As Colan alluded to, she cannot vote in North Carolina as an international student. 

However, that fact does not deter her advocacy; it only strengthens it. Central to Colan’s graduate research is how voting rights are critical to facilitating the integration of immigrants into the United States. 

“Youth as a whole, no matter their nationality, where they come from or their background, are the change of any country in the world,” Colan said. “In the United States, only a few states allow non-citizen immigrants to vote in local elections. I’m researching immigrants’ political and civic rights, specifically voting rights, and how this facilitates their integration. So for me, advocating for an early voting site on campus to involve and include youth in this decision-making process is a step closer to that goal.”

Mathis said Colan’s work is an important reminder that civic education is not exclusive to United States citizens and that her perspective brings tremendous added value to the discussions. 

“Miroslava uses her international perspective as a student from Venezuela to be able to say that voting and democracy should not be taken for granted, and she can speak to her own personalized, international experience, where those rights had been infringed upon in Venezuela,” Mathis said. “So I think using her experience to help share and help our undergraduates understand that this is something precious and something to be careful and thoughtful about.” 

Mathis called the experience of speaking to the elections board part of the Division of Academic and Student Affairs’ co-curricular experience, as many of the students involved are not political science majors.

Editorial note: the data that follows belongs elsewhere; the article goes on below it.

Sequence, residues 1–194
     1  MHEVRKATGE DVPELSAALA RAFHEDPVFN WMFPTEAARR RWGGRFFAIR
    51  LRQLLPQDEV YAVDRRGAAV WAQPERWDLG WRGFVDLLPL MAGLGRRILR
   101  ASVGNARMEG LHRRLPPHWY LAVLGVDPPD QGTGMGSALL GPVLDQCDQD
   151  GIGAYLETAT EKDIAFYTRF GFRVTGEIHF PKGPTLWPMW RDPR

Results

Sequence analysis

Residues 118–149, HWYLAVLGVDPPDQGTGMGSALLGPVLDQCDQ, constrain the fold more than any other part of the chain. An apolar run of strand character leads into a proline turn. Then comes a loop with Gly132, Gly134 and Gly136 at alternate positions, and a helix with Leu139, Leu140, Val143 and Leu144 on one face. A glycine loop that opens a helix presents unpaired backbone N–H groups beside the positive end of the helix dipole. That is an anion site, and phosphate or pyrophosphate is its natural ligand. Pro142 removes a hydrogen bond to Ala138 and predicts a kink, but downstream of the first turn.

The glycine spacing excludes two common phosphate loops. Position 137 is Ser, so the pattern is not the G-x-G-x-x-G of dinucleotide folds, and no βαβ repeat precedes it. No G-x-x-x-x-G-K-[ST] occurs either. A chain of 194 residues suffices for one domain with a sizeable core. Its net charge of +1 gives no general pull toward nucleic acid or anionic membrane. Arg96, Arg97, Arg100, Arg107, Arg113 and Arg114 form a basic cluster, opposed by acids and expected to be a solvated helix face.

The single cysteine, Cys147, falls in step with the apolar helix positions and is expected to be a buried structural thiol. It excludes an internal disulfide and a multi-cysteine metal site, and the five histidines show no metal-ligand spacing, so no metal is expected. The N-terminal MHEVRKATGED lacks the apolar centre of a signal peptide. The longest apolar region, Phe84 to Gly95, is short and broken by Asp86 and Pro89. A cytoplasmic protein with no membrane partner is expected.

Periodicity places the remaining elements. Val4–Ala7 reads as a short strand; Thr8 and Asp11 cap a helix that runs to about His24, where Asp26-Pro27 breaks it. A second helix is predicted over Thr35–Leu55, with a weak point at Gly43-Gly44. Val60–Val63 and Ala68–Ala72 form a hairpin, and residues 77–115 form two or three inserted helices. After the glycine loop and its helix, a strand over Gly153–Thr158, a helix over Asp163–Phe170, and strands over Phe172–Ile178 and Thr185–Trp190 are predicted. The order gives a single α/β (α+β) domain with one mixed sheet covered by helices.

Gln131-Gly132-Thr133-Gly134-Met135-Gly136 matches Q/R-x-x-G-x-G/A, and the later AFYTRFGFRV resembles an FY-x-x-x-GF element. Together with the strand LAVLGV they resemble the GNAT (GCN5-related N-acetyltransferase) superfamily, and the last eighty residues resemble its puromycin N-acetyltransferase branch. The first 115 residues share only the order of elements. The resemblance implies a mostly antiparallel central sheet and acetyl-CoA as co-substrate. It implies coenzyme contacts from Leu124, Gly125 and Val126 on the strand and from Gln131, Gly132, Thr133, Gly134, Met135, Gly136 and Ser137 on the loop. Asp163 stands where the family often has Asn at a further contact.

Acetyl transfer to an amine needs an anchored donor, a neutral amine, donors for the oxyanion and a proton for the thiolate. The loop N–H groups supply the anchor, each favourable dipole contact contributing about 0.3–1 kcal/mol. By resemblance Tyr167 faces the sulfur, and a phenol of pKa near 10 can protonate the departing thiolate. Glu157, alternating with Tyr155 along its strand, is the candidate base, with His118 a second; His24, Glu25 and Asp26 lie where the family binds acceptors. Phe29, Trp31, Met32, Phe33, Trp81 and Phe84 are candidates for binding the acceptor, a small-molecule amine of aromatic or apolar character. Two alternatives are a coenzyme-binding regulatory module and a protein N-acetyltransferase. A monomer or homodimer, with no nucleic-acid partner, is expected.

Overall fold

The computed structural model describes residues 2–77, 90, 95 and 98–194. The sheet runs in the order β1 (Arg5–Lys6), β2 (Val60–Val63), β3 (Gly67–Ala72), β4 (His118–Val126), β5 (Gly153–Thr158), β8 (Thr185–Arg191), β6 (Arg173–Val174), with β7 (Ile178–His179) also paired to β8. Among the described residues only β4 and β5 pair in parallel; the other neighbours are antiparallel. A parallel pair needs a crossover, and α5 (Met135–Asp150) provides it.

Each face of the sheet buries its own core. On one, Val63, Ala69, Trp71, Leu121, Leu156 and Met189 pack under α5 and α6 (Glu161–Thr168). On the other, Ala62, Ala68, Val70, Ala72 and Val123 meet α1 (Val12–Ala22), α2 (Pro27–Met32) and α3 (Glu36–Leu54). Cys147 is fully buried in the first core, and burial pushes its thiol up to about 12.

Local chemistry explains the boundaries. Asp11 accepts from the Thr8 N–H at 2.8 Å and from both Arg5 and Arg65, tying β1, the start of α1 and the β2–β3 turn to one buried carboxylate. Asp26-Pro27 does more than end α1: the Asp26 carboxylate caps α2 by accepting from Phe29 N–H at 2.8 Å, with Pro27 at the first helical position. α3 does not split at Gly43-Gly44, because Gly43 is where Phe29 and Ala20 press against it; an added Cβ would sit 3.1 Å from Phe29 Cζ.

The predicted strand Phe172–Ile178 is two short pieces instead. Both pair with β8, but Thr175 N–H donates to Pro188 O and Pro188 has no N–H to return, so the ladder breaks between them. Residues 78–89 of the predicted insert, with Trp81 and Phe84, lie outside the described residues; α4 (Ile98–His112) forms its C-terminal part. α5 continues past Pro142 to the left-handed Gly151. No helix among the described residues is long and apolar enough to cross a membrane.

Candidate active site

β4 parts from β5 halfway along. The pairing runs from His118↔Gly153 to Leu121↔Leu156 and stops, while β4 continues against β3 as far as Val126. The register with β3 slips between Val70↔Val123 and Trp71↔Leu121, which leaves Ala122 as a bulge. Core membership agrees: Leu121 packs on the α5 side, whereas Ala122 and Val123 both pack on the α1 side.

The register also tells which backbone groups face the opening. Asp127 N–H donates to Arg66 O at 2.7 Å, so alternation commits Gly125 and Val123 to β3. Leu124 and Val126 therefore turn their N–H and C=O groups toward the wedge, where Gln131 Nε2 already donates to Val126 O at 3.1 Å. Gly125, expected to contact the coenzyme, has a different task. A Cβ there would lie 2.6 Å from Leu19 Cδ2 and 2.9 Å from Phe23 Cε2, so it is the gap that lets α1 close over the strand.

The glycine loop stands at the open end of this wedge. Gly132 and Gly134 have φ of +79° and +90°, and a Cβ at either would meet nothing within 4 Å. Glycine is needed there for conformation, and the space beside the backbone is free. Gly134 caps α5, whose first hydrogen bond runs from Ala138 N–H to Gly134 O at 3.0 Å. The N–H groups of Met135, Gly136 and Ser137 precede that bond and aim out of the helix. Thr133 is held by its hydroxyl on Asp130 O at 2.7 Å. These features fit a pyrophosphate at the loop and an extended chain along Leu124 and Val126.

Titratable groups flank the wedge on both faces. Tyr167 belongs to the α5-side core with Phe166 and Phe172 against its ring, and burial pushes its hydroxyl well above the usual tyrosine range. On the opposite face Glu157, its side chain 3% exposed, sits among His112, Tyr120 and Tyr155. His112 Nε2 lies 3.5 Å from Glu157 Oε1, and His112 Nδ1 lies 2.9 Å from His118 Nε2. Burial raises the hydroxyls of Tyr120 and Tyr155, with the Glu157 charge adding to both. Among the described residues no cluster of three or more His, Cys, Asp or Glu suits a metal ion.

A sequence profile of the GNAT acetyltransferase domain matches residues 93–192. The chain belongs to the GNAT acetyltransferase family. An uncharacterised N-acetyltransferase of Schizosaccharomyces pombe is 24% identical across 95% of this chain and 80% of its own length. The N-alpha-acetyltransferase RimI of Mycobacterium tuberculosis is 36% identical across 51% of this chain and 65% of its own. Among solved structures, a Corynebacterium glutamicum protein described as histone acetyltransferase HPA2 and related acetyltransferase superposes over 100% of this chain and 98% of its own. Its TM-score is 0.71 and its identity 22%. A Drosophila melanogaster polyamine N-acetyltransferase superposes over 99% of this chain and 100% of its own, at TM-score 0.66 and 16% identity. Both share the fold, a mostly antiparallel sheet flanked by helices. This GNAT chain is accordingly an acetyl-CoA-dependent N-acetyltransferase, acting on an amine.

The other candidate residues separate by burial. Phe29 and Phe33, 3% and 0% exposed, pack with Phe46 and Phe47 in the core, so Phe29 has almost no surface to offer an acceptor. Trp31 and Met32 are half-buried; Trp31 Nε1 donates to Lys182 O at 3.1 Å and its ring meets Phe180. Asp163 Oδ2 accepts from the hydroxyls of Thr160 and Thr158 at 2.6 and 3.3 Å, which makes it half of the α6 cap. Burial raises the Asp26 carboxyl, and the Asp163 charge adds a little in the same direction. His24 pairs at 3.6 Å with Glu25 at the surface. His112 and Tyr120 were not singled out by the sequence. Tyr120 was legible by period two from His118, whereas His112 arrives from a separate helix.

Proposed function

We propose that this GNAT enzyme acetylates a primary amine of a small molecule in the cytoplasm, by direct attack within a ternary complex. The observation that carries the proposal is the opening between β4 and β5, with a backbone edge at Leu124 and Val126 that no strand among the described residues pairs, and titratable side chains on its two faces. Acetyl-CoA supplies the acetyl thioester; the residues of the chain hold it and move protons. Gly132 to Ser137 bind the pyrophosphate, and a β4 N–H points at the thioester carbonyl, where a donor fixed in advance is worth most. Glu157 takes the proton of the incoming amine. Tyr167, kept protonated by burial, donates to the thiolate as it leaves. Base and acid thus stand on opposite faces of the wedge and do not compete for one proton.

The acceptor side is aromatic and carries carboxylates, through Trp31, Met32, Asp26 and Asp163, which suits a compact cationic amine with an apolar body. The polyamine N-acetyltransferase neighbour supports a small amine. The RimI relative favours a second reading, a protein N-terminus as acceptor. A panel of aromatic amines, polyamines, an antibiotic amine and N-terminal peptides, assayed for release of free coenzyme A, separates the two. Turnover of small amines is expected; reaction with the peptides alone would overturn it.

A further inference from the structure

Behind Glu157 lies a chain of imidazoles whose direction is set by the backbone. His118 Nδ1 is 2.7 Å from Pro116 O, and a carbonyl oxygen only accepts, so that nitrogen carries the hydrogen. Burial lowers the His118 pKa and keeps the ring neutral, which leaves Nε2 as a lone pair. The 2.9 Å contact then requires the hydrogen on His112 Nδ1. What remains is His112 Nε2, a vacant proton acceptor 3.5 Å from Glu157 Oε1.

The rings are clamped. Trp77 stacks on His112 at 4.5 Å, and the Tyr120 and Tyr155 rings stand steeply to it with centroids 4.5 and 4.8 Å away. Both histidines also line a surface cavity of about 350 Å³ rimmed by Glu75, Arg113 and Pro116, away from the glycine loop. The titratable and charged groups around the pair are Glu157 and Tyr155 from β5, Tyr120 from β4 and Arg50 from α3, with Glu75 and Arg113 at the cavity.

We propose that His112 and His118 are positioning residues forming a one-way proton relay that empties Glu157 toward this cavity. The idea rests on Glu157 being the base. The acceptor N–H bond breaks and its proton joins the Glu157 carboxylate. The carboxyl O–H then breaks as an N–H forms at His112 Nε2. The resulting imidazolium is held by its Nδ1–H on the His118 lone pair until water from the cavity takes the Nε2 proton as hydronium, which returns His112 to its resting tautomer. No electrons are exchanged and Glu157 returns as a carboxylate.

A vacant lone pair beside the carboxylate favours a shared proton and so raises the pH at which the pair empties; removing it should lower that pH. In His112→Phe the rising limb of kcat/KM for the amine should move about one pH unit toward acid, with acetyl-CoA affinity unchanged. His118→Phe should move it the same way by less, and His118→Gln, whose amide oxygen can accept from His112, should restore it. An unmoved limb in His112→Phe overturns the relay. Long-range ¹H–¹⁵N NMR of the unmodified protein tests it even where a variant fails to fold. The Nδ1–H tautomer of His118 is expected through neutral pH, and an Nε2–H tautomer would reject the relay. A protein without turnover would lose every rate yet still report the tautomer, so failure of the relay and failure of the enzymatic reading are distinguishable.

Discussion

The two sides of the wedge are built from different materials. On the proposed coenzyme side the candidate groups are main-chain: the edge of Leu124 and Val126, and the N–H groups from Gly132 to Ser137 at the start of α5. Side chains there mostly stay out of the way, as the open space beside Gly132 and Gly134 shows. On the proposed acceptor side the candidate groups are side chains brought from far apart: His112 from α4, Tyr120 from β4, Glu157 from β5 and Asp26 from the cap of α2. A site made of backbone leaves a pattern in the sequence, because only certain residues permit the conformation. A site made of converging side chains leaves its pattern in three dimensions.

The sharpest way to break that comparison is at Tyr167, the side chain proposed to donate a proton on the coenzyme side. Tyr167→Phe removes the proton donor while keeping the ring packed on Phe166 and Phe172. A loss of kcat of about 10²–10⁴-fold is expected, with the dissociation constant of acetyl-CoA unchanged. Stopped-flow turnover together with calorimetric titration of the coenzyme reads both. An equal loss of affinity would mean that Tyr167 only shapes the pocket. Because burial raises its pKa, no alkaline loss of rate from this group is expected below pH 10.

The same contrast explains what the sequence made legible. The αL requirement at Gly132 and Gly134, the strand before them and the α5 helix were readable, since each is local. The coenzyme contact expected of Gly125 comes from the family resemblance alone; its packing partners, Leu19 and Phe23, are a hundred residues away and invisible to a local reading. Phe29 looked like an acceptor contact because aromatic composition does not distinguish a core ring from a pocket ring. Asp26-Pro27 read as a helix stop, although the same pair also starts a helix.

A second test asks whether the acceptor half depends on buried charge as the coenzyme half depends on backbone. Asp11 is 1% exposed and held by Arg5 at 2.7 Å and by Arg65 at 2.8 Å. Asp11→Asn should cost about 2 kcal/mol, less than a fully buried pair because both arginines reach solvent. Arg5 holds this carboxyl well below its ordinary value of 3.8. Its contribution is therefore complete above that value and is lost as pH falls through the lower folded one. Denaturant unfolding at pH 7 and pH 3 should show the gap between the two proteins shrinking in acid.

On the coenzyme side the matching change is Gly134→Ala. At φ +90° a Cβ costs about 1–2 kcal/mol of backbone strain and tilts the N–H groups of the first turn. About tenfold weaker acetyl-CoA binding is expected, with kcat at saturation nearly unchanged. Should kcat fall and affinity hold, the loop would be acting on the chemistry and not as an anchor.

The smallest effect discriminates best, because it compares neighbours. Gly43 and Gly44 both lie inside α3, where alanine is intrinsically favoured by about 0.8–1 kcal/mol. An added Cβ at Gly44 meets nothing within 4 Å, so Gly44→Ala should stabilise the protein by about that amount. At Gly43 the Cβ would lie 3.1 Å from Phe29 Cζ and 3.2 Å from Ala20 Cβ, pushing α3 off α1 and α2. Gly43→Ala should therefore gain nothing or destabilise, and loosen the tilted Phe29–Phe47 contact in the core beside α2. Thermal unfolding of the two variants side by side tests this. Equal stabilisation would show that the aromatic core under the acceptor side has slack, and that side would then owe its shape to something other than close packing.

Ahead of the session, Mathis instructed and coached the students on addressing a governing body, including using particular rhetoric to gain public support. 

“Part of my goal is to equip them with those life-long skills so that 10 years from now when they’re graduating and there’s a concern facing whatever city they’re living in, that they’re speaking up in city council or they’re writing to their representative,” Mathis said. “So they’ve learned that here at NC State to continue to advocate for communities in the future.” 

Thanks to those students’ advocacy, members of the NC State community will once again have the opportunity to perform their civic duty conveniently on campus when early voting starts this fall. 

“I’m very proud of them,” Mathis said. “They’re really thoughtful. The students not only recognize what they want out of the early voting site, but they understand that this is a public good that benefits all members of Wake I think that demonstrates a level of maturity and service to others, service to the community that we’re trying to instill in our students. It’s not all about self-serving or just centered on the student experience, but really about how it benefits everyone.”